I Lost My Head By Megan Potter

No, no there’s my head. Never mind, I found it. I was wrong, I didn’t lose my head, but I have pretty much lost everything else that has ever crossed my path…keys, glasses (I don’t even wear them), mittens, and yes, paperwork. I happen to know that I am not alone in the writing world. I have a theory that it’s a curse in exchange for our creative minds.

It’s only recently that I have really become fully aware of how big a problem this is for me. I had spent several months trying to collect from a market that had owed me money for almost a year. After relentlessly nagging them I finally surrendered and sought help. What I discovered was, that though I had copies of their very few responses to me, I didn’t have copies of the emails I had sent them. In short, I couldn’t prove that I had tried to collect my payment through normal procedures.

Luckily for me my story turned out all right in the end. My help was big and powerful and got results despite the small amount of information I had to give them. The experience got me thinking though. Just how organized was my work? Could I find the information I needed to prove a contract or live up to my assignments quickly and efficiently? I’m sad to say the answer to these questions is an unequivocal NO.

Should an editor argue paying an agreed upon price I cannot guarantee that I can prove they are ripping me off. When I forget just how long this article is supposed to be I’ll be wasting valuable time digging up my query instead of fine-tuning the piece itself. All this made me realize, just how professional a writer can I be if I don’t know where anything is?

Is it that we are just generally optimistic and trusting? Or is it that we don’t take our work seriously enough? Whatever our reasons we seem to think that the strict record keeping methods used by other businesses do not apply to us. Let’s be honest. How many of you can say they have been in my place, that they know what it means to dig through a filing cabinet, paper piles, email folders, and computer files in search of one elusive piece of information? Has it occurred to you that your career is suffering because of this?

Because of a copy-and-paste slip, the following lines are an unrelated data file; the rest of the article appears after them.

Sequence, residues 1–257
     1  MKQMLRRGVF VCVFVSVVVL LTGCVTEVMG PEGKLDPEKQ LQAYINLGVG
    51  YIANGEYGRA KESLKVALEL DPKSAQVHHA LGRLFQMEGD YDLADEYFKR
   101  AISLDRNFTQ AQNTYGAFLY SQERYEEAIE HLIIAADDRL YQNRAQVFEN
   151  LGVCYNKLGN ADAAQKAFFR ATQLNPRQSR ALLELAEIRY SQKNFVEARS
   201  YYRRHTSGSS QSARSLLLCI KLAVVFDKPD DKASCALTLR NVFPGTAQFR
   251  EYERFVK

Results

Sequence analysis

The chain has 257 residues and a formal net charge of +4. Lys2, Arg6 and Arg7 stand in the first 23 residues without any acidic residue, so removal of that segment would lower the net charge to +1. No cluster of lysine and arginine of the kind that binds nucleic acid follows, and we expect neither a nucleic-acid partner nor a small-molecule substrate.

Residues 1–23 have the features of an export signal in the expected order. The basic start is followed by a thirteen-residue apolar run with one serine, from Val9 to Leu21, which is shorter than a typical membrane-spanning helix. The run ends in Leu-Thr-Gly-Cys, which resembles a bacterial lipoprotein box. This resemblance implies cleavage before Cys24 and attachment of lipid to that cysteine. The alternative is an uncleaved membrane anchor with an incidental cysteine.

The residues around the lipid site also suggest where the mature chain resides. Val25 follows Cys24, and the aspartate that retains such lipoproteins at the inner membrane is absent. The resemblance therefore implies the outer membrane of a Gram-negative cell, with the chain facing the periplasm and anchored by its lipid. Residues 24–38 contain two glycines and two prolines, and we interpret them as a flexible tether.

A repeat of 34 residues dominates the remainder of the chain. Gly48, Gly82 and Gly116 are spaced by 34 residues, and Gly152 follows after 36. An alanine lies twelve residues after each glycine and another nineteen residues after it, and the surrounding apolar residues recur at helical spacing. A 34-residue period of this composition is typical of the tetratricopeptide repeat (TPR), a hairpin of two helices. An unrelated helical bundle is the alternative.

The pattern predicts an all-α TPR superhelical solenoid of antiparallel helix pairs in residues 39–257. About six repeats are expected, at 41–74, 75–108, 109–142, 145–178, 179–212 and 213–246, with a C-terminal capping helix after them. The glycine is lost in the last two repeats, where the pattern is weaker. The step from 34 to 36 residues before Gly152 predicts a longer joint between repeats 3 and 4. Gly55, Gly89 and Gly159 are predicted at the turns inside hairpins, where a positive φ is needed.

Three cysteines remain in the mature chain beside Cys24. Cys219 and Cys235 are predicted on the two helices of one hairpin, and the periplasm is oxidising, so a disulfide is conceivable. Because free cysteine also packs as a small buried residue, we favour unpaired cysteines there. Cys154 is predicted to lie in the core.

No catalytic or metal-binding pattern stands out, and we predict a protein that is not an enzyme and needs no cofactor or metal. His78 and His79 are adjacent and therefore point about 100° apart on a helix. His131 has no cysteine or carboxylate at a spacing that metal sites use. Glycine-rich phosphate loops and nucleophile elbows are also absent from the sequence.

Never mind the eventuality that someone might try to rip you off. Never mind the many times we forget exactly what it was we said we’d sell to this market. Do you know exactly where you sent that multi-rejected query? Do you know which magazines have already rejected it, how long ago that was, and if the editor has changed since then? I’ve got at least one query sitting stagnantly because I didn’t take proper records and I can’t send it back out without risking making a fool of myself. And exactly how unprofessional do you think a magazine would find me if two years after I move I send a newly addressed SASE because I just realized that their response is probably lost in the mail? I’m still debating over whether I want the rejection badly enough to make a fool of myself.

I now know what needs to be done and I’m ready to do it. Once I update my current (read failing) filing system keeping on top of all my correspondences and documents will be quick and easy. All I have to do is overcome this other curse we call procrastination so that I can finally get organized.

Megan Potter is a prolific writer who has been published many times in such magazines as Pregnancy and Working Money. Megan makes her home in Canada where she runs Writing Corner (www.writingcorner.com). She is a member of the International Women’s Writing Guild and works critiqueing and mentoring fellow writers in her spare time. You can contact her at meg@idirect.com with comments or questions.